Just how far will technology take us in interacting with dogs?
Jeff Miller and David Bevly of the Department of Mechanical Engineering, at Auburn University, Auburn, Alabama, have devised a system to issue cues by remote control. They’ve published their results in an issue of the International Journal of Modelling, Identification and Control which is due out soon.
Their system provides guidance to the dog using an embedded command module with vibration and tone generation capabilities. Tests in a structured and non-structured environment show obedience accuracy up to almost 98%.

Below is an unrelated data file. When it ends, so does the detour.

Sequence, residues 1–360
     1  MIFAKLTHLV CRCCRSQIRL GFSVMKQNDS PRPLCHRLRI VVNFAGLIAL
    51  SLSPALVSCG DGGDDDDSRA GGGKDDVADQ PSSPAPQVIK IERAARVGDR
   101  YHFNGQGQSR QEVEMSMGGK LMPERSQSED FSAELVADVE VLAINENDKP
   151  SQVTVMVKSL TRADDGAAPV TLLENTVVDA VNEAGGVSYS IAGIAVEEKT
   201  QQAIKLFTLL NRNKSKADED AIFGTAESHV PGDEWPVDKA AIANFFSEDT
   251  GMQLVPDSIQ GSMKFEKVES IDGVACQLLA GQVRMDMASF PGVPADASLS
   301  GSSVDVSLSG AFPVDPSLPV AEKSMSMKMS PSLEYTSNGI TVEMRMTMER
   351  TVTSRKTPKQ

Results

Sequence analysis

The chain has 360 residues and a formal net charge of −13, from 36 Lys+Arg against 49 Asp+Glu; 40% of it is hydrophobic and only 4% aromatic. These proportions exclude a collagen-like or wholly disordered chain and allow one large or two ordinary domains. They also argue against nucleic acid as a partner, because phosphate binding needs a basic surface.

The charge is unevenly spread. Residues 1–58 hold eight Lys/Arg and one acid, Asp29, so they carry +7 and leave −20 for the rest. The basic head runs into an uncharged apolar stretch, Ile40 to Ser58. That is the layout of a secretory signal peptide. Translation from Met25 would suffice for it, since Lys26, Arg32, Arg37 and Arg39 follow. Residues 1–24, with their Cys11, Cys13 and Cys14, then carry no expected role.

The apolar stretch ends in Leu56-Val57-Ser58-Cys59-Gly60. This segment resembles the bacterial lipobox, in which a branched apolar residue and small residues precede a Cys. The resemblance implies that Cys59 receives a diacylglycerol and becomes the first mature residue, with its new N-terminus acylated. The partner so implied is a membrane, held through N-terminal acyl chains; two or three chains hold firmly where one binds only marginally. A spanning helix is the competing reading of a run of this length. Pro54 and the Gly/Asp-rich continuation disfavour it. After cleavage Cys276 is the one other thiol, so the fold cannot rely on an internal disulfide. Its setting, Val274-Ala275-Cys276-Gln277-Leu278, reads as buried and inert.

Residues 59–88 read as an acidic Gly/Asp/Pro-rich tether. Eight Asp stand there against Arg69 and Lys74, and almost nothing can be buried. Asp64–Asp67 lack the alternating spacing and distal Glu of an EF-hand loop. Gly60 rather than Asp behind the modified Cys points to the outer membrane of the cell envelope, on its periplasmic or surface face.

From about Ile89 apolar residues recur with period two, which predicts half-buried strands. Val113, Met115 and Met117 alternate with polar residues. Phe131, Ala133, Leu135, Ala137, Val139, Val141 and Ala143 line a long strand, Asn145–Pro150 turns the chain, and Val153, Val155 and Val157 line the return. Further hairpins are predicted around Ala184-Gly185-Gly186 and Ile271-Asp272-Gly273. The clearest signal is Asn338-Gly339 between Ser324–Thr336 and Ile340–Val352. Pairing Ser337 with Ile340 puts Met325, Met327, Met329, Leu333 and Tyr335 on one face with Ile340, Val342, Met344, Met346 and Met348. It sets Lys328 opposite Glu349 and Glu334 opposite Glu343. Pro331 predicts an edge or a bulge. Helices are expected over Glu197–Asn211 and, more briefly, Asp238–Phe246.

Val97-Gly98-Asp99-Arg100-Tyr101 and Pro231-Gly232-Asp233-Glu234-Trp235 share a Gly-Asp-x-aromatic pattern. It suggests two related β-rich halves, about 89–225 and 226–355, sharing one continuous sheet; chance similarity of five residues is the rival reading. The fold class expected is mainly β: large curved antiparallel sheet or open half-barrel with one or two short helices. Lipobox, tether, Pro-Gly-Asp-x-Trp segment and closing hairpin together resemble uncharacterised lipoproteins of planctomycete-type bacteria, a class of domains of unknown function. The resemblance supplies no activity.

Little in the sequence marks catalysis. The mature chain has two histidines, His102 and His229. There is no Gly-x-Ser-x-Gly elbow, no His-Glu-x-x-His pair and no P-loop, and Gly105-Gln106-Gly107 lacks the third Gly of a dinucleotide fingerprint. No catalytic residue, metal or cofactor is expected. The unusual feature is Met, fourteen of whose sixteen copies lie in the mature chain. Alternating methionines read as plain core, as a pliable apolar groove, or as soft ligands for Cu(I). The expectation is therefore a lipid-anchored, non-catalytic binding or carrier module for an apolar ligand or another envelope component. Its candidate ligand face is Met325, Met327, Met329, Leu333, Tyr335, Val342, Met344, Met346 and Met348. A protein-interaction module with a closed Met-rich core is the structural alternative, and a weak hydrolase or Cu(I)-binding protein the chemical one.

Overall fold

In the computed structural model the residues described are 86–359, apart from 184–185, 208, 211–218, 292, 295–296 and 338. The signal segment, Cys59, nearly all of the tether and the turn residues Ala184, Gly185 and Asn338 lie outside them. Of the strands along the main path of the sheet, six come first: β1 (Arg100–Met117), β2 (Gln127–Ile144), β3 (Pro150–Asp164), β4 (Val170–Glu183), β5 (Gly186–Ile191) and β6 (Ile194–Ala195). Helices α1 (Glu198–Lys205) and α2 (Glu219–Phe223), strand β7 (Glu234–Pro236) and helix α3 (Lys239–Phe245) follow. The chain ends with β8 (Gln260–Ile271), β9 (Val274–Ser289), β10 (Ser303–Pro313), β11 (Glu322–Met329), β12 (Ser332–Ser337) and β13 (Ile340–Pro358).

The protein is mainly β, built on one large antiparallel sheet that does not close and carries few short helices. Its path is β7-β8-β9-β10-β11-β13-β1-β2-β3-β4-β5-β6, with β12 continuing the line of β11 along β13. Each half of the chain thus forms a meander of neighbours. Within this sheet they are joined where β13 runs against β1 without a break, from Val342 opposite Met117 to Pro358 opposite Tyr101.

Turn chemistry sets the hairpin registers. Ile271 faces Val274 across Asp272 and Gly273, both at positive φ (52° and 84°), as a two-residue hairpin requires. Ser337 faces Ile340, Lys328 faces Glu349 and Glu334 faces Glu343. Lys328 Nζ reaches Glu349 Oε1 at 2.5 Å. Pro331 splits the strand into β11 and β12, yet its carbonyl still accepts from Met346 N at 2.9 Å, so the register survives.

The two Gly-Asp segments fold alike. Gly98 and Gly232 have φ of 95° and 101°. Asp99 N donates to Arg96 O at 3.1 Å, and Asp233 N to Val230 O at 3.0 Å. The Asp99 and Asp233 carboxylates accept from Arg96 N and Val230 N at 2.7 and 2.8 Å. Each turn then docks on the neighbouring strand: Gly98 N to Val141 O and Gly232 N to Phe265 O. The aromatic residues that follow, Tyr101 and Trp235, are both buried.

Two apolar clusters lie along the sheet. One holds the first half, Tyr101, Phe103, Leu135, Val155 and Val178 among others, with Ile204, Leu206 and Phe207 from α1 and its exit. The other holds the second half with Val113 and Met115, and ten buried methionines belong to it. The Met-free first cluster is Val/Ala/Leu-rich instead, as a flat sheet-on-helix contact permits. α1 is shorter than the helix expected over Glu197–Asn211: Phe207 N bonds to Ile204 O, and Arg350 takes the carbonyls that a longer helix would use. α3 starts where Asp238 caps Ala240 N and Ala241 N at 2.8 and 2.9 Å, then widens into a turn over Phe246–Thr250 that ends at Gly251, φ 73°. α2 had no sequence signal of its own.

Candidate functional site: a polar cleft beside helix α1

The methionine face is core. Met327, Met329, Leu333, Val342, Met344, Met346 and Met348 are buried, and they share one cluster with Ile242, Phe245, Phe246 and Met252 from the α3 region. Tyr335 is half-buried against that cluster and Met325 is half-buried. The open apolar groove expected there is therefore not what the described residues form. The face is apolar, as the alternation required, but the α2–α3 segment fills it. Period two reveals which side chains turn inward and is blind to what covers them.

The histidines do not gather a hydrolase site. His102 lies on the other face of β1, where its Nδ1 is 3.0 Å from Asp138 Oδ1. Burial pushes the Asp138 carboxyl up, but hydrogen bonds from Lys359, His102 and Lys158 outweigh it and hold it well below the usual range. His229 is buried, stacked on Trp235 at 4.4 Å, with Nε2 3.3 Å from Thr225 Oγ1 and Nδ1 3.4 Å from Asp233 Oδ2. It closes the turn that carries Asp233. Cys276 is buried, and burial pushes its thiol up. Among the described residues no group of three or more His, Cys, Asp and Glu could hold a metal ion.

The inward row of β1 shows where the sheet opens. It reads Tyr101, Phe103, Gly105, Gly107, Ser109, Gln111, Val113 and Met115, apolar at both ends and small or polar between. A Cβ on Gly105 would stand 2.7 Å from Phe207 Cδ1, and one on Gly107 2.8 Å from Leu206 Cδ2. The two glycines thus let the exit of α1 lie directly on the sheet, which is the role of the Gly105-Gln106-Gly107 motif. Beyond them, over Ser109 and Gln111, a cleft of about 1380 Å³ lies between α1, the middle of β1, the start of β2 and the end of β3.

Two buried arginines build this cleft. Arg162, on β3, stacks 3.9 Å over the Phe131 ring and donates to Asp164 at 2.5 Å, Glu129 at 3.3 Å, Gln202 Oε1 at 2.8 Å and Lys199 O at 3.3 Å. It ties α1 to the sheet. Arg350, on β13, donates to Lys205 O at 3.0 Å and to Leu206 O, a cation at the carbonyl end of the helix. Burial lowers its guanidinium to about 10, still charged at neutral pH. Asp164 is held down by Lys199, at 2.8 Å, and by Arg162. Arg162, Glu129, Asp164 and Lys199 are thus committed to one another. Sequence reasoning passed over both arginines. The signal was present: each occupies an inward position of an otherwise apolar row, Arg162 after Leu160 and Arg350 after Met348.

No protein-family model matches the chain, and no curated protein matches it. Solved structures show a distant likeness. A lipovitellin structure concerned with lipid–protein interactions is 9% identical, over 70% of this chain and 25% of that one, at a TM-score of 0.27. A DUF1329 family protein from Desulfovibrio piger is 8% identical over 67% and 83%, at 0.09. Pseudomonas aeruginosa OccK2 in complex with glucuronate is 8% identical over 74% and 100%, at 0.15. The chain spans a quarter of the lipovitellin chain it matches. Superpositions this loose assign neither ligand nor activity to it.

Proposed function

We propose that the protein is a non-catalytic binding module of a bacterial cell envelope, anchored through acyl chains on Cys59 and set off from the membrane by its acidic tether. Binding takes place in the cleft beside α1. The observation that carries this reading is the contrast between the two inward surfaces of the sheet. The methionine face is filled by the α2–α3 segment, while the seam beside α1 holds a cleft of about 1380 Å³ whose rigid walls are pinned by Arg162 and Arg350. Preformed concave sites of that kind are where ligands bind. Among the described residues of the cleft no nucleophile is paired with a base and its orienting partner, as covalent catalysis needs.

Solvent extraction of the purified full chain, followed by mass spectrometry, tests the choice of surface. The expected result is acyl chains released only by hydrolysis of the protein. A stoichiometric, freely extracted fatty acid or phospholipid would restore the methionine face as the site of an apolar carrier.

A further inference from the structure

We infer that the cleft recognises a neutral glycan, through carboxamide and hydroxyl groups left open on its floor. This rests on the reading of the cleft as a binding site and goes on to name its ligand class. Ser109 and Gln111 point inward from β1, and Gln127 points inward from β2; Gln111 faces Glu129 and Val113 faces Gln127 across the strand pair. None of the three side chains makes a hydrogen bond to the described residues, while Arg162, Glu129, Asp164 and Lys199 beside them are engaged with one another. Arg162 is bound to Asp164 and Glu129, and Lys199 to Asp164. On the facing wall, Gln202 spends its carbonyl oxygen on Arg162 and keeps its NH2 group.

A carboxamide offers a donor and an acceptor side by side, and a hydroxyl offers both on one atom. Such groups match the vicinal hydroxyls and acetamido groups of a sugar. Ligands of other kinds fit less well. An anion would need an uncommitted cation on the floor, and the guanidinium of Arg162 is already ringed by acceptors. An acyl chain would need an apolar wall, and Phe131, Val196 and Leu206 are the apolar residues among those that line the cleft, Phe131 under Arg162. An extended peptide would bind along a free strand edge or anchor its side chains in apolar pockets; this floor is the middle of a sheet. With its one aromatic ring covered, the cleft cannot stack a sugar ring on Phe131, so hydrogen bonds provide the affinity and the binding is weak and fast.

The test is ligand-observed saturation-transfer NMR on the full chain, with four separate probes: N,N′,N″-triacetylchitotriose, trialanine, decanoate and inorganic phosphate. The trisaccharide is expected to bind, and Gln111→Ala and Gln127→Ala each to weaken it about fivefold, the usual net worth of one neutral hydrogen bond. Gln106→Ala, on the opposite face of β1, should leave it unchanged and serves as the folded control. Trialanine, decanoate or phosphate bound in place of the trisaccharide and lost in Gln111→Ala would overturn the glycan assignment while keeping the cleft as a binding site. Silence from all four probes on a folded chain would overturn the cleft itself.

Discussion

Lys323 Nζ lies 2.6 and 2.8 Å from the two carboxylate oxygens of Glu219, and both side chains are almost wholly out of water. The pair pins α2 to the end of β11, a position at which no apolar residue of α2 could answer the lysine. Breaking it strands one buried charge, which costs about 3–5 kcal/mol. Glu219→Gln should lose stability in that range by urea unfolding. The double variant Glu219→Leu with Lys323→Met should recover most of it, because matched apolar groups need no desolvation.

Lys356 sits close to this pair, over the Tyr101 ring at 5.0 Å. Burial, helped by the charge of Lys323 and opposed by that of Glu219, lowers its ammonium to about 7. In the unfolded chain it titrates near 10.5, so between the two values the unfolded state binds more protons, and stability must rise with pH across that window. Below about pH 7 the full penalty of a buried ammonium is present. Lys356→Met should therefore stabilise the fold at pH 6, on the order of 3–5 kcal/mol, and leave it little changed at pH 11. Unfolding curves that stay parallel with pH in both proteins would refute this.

The system is designed with serious uses in mind – it’s not being designed for the lazy dog owner who doesn’t want to spend time or interact with their dog.
The team has demonstrated that a search & rescue or other working dog can be trained to respond “virtually flawlessly” to remote control tones and vibrations as if they were immediate commands from a human handler.
Directing detection dogs in areas where human handlers cannot access is one such serious application of the technology.
Source: EurekAlert! press release